How will possible changes to Obamacare affect Mississippi?
Daily Journal health reporter Michaela Morris (5:52) joins Derek and Brad on today’s episode to discuss that question, as Congress considers a replacement for the federal healthcare law.
One of the key issues to watch, Michaela said, will be what happens to federal Medicaid money. Currently, 760,000 Mississippians depend on Medicaid or the Children’s Health Insurance Program for health care. And Mississippi receives a lot of federal money for the program, roughly $3 billion a year.
But Congress is looking to curb Medicaid spending, and the bill that passed the U.S. House of Representatives last week – the American Health Care Act – would move to a block grant model that would cap the amount of money states receive. That could leave Mississippi in a financial hole and could impact individuals receiving care through Medicaid and hospitals that get Medicaid reimbursements. Medicaid serves poor children, poor pregnant women, disabled individuals and many of those living in nursing homes.
Michaela said another key issue will be how the law treats pre-existing conditions. On the one hand, there needs to be a mechanism to incentivize people to get health insurance before they are sick. At the same time, lawmakers need to be careful of not making it too difficult for some people to be able to afford coverage.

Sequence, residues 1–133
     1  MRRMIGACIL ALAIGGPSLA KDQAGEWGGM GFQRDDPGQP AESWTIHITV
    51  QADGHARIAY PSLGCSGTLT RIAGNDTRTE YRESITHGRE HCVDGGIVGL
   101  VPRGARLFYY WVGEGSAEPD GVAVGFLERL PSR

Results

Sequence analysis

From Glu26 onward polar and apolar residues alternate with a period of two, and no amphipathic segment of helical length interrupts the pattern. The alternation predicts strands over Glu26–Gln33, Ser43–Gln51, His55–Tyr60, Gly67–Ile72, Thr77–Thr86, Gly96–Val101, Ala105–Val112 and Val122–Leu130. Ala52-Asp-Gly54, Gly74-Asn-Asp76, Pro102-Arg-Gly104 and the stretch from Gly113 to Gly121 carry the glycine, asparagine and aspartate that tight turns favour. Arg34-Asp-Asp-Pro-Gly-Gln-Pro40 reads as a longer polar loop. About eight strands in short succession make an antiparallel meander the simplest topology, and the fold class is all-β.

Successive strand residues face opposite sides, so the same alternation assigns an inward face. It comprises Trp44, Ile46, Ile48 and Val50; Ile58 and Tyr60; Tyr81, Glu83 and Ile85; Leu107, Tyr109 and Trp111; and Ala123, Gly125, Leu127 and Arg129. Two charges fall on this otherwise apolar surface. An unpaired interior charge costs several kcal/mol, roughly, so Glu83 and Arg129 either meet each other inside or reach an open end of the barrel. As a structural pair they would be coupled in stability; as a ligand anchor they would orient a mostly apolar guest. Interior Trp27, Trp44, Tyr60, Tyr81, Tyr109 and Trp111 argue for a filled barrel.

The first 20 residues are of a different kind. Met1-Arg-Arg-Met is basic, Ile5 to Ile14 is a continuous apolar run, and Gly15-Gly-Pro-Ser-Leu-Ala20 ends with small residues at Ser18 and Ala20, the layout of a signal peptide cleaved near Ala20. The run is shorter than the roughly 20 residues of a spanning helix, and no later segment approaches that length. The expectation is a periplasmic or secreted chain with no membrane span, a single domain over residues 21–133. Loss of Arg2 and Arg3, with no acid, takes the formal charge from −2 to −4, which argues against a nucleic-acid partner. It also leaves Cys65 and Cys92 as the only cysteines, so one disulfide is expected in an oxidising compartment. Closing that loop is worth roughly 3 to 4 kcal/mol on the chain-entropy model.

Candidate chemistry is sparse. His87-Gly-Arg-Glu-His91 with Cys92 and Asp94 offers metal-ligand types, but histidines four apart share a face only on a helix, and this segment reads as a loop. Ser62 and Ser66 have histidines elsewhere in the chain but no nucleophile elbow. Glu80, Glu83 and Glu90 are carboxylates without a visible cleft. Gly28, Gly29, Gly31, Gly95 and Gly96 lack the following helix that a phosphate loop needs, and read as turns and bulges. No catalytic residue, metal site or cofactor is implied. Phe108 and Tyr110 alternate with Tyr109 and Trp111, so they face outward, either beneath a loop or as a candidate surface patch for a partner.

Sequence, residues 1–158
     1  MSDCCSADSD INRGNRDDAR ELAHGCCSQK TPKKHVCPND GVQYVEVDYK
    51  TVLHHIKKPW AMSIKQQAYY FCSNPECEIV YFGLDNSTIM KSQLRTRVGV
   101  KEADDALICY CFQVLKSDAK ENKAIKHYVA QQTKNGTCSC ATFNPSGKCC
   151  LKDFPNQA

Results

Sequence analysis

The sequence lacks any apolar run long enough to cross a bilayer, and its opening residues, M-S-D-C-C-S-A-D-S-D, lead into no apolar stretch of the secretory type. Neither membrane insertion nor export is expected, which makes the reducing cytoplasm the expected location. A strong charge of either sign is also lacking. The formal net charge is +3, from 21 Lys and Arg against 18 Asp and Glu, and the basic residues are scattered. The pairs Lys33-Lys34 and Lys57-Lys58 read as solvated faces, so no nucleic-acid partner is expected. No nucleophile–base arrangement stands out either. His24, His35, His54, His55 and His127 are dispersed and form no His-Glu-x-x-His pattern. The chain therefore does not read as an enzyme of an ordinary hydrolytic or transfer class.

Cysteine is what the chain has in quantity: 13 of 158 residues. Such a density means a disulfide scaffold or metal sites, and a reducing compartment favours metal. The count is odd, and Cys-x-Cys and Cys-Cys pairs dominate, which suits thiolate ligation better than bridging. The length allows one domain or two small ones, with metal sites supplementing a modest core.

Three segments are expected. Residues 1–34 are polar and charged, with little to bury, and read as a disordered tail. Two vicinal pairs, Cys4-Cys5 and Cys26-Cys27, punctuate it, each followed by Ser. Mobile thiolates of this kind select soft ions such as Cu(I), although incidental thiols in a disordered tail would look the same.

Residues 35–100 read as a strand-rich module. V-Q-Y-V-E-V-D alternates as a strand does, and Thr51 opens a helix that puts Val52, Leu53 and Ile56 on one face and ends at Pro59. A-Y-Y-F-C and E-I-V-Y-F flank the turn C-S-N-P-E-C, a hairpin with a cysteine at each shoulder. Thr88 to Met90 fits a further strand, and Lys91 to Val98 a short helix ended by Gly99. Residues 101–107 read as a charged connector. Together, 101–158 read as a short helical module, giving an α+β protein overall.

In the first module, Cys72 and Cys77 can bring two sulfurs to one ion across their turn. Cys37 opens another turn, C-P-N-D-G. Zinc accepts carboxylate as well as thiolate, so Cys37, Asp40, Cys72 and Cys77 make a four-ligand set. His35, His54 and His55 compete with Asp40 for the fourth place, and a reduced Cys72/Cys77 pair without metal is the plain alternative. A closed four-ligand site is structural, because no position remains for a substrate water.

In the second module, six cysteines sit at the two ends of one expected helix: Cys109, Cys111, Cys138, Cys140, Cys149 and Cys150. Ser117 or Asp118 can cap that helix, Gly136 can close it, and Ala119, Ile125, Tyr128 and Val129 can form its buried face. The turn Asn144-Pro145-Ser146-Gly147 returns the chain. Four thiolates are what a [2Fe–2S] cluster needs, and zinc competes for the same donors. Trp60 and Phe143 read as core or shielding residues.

The issue now moves to the Senate, and it will be interesting to see what emerges. The Republicans hold a narrow majority in that chamber and may have a difficult time crafting a proposal that appeals to both far right and moderate members.
Meanwhile, Daily Journal Capitol Bureau chief Bobby Harrison (19:20) joins today’s episode to talk about the issue of a state lottery and whether it will be considered during June’s special session of the Mississippi Legislature.
Gov. Phil Bryant made headlines last week when he said he would consider including the enactment of a lottery in the special session with the funds being used for transportation needs, if the Mississippi Economic Council supports the idea.
Meanwhile, House Speaker Philip Gunn formed a commission to study the possibility of a lottery, although he also made it clear he does not support having one. And Lt. Gov. Tate Reeves has said he doesn’t want to see any issues considered in the special session other than the three budget bills that must be passed.
But the issue of a lottery keeps coming up, and that could mean momentum is building for it to eventually be passed some time in the near future.
And we’re also joined by Daily Journal chief photographer Thomas Wells (26:43), who discusses his recent photo essay on cemetery art. Thomas notes that many people fail to appreciate the craftsmanship on the hand-made carvings that can be found cemeteries throughout Northeast Mississippi.